Preparing to deliver my first paid commission


Ponderings and preparations for four social media workshops I will be delivering. 

I’ve built up a sizeable book collection over the years. I can’t pretend that I’ll get to read through all of them in detail. Too many of them are bought then seldom touched. Part of me wants to be able to download all of the information onto a memory card and insert it into my brain and bingo! But life doesn’t work like that. I procrastinate too much and am easily distracted – traits that I hope will diminish with age. (I’m not counting on it though). Like many, I have a habit of leaving things until just before they are required.

Sharing knowledge – teaching

Tomorrow marks my first paid commission as a teacher/trainer/tutor/facilitator (call it what you will – just don’t use the word “consultant”). It’s for my local council – training up  around fifty members of staff on the basics of social media – in particular Twitter and Facebook. I’m delivering the training (with Puffles) in a series of small workshops spread over a day and a half. What’s significant about this for me is that after three decades of learning stuff, this marks the start of where I start teaching people in a formal setting with a formalised relationship between myself and client organisation.

I’ve delivered a variety of different training workshops both within and for the departments that I’ve worked for, but those have generally been within the course of existing duties. Ditto with presentations and public speeches. This is the first time anyone has approached and commissioned me effectively saying “We would like you to deliver X in return for Y”. Hence why I’m sort of feeling the pressure.

Not that I should be worried or anything. I spent the autumn doing teacher training for post-16 students, and some key concepts from that training formed part of my pitch. (The big one being acknowledgement of and accounting for people’s different learning styles.) Secondly, I’m going to be educating people about something that has been part of my life to an extent that I now take it for granted – social media. That’s not to say I know everything there is to know about social media: I don’t. (I do know more than enough to deliver this commission though!) Such is the wealth of information out there that to comprehend all of it is beyond the comprehension of the human mind. (That’s my take anyway).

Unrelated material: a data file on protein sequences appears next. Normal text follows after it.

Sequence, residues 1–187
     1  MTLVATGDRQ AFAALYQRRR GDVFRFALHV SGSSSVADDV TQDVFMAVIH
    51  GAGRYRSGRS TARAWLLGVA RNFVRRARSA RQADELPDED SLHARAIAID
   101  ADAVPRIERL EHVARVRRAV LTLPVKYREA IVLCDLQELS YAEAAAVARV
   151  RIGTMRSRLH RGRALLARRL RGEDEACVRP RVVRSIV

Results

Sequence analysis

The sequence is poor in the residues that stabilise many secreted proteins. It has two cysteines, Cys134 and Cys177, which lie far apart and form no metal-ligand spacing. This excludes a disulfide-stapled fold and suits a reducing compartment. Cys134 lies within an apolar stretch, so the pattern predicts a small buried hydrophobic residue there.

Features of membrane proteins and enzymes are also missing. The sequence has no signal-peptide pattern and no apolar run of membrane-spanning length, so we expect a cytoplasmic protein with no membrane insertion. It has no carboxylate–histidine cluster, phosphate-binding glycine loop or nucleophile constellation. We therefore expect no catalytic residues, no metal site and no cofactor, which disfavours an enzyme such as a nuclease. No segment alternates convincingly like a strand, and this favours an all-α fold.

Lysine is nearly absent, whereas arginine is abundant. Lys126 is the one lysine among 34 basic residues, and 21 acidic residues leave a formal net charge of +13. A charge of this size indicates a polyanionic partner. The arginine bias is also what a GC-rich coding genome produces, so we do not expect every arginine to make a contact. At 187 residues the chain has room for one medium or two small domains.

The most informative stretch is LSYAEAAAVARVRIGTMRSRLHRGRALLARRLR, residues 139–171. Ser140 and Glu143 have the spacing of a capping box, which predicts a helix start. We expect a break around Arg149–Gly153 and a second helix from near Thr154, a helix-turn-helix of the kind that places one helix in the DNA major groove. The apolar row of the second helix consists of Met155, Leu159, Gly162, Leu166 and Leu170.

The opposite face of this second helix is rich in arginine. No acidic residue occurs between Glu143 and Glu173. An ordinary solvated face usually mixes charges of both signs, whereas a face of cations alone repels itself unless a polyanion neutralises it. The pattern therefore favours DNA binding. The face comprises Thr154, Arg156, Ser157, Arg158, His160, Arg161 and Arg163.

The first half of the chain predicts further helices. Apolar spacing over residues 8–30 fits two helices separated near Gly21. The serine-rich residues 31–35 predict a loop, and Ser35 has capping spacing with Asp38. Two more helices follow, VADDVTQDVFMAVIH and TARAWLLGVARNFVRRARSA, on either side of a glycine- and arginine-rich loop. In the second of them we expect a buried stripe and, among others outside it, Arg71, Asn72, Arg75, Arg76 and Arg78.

Comparing my experiences of being taught with what I have planned

On some days it still seems like yesterday that I was at school. Yet during the mid-1990s we did not have access to the wealth of resources and information that we now take for granted. I still wonder what the impact on my grades (and general life path) would have been had I had access to the sorts of digital video and online resources then that are available now. Would they have helped compensate for mediocre teaching elsewhere? Yes, little chip on my shoulder, but one that’s got a lot smaller in recent years. Some battles are no longer worth fighting. The adversaries are no longer there, and someone’s gone and built luxury flats on the battlefield.

One of the things that excites me about this commission is being able to use a range of different learning/teaching techniques. Ditto the idea of having a continued professional relationship with the client organisation and its staff. The difference here for me is social media.